Overactive bladder (OAB) is a common condition that affects millions of people worldwide. With symptoms such as urinary urgency, frequency, and nocturia, OAB can significantly impact an individual’s quality of life.
Traditional treatments for OAB often involve the use of anticholinergic medications, which can cause side effects such as dry mouth, constipation, and changes in blood pressure. As a result, many people are looking for alternative therapies to manage their OAB symptoms.
One such alternative is the use of herbal teas.
In this article, we will explore some herbal teas that may help alleviate OAB symptoms, based on the information from a scientific article on herbal supplements for OAB.
Disclaimer: The information provided in this article is for informational purposes only and should not be construed as medical advice. It is essential for individuals with overactive bladder or any medical condition to consult a qualified healthcare professional before implementing any changes to their treatment plan, including the use of herbal teas.
Gosha-jinki-gan (GJG) is a traditional Chinese blended herbal medicine composed of 10 different herbs. It has been studied in both preclinical and clinical models, showing the potential to reduce OAB symptoms. GJG has been reported to inhibit bladder sensation, leading to the decreased urinary frequency in rats, and has shown significant improvements in International Prostate Symptom Scores (IPSS), quality of life, and daytime frequency in humans (1).
However, it is essential to consult with a healthcare professional before using GJG tea, as some people may experience mild adverse effects such as nausea, diarrhea, or urinary frequency.
Cleavers (Galium aparine) is a plant native to North America that has been traditionally used to treat cystitis. Although no clinical studies have specifically looked at cleavers for OAB, its historical use for urinary tract-related issues suggests that it might have the potential to manage OAB symptoms.
It is crucial to consult with a healthcare professional before using cleavers tea to ensure its safety and appropriateness for your condition.
Cornsilk (Zea mays) is derived from the female flower of corn and has been used for various health issues, from jaundice to cystitis. Although no clinical studies have been conducted on cornsilk for OAB, its traditional use for urinary tract-related conditions suggests that it may have potential benefits for OAB sufferers.
Buchu (Agathosma betulina) is a plant native to South Africa and has long been used in traditional medicine to treat urinary tract infections and inflammation. While there are no clinical studies specifically examining the effects of buchu tea on OAB, its historical use for urinary issues suggests potential benefits.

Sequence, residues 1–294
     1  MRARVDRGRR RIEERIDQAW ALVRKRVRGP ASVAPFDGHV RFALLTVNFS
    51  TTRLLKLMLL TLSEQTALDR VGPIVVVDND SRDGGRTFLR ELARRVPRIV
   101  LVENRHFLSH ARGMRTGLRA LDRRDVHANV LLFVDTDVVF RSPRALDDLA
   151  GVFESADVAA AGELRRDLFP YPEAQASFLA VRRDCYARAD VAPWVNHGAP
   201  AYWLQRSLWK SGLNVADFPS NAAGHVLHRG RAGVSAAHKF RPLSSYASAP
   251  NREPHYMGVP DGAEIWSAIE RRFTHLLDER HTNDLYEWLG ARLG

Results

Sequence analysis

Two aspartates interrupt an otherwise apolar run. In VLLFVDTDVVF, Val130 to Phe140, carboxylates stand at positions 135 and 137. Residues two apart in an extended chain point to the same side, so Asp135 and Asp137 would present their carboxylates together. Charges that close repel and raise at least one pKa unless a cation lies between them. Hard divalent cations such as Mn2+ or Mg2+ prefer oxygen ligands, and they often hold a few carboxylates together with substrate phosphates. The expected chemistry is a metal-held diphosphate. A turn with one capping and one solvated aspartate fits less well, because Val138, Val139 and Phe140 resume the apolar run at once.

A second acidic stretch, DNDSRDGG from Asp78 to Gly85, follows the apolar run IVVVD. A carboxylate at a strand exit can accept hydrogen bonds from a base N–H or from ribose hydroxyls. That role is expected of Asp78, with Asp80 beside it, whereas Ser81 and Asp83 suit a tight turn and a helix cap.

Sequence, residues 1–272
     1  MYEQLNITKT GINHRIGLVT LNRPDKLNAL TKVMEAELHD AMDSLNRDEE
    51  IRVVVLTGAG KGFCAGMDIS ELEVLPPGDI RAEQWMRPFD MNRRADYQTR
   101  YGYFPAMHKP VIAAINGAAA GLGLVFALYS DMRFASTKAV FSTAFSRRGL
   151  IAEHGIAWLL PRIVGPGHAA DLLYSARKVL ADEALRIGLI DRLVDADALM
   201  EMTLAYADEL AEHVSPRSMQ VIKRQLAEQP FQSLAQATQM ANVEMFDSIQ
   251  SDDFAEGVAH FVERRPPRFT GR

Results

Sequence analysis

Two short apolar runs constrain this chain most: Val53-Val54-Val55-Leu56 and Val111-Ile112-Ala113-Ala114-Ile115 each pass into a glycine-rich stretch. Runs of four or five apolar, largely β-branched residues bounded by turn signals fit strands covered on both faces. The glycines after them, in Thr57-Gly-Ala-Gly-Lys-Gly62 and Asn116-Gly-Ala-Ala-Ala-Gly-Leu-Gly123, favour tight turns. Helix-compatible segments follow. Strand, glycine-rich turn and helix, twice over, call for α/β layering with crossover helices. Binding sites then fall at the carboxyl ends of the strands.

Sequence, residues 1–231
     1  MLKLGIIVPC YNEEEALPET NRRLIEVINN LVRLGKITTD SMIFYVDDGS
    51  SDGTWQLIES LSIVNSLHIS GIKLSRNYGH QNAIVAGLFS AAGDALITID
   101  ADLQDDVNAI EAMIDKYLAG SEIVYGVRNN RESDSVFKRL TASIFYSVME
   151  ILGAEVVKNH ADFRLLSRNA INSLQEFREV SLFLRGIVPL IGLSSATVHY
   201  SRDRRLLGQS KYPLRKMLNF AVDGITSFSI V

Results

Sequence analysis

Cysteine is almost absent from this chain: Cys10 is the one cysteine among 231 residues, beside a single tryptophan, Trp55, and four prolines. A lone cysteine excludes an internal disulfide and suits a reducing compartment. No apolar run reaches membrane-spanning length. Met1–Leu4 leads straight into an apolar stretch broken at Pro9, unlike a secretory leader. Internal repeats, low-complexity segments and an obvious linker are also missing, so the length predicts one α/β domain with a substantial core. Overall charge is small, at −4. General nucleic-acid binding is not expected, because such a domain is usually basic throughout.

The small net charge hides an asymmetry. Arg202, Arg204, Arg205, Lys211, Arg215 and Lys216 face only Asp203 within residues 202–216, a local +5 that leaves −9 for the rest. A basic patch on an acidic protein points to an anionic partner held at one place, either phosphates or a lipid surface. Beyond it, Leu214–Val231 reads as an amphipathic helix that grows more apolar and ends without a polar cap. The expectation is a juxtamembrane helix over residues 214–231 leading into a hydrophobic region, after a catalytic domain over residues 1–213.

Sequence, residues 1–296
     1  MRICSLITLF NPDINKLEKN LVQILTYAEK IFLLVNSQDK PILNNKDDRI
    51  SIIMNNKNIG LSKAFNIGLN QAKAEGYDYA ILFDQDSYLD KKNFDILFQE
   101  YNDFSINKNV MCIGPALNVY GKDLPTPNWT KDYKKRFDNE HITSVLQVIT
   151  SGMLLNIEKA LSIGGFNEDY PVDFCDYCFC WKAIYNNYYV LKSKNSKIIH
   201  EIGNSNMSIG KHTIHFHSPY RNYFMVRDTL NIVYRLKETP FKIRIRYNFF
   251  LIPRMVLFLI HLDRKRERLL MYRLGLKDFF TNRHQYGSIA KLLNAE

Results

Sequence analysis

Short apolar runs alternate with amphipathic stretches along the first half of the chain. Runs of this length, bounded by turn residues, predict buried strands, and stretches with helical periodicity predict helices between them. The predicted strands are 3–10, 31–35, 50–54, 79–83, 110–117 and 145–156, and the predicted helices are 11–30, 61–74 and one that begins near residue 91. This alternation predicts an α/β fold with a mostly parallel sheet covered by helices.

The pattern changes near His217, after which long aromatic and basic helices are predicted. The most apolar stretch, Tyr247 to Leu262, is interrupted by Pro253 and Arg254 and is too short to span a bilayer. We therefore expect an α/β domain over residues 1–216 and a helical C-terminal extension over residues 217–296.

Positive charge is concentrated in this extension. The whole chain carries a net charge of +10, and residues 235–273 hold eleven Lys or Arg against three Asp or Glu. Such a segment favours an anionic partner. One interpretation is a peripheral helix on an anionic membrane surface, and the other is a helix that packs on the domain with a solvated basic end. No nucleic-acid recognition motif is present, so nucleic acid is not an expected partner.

Horsetail (Equisetum arvense) is a plant that has been used in traditional medicine for its diuretic properties, which may help alleviate some OAB symptoms by reducing fluid retention. While no clinical studies have examined horsetail tea’s effects on OAB specifically, its diuretic properties suggest that it may be helpful in managing some symptoms.
It is important to note that excessive use of horsetail tea may lead to electrolyte imbalances and other side effects, so it is crucial to consult with a healthcare professional before incorporating it into your routine.
Ganoderma Lucidum Tea
Ganoderma lucidum, also known as reishi mushroom, is a medicinal fungus that has been used in traditional Chinese medicine for centuries. Although there are no clinical studies specifically investigating the effects of ganoderma lucidum tea on OAB, it is believed to have anti-inflammatory and immune-modulating properties, which may contribute to improving urinary tract health.
Herbal teas such as Gosha-jinki-gan, cleavers, cornsilk, buchu, horsetail, and ganoderma lucidum may offer potential benefits for individuals with overactive bladder. While the evidence supporting the use of these teas for OAB is mostly anecdotal or based on traditional usage, some people may find them helpful in managing their symptoms.
It is essential to consult with a healthcare professional before using any herbal tea as a treatment for OAB, as individual responses to herbs may vary, and some may interact with other medications or cause adverse effects.
Additionally, herbal teas should not replace conventional treatments but rather be considered as complementary options to be used in conjunction with a healthcare provider’s guidance.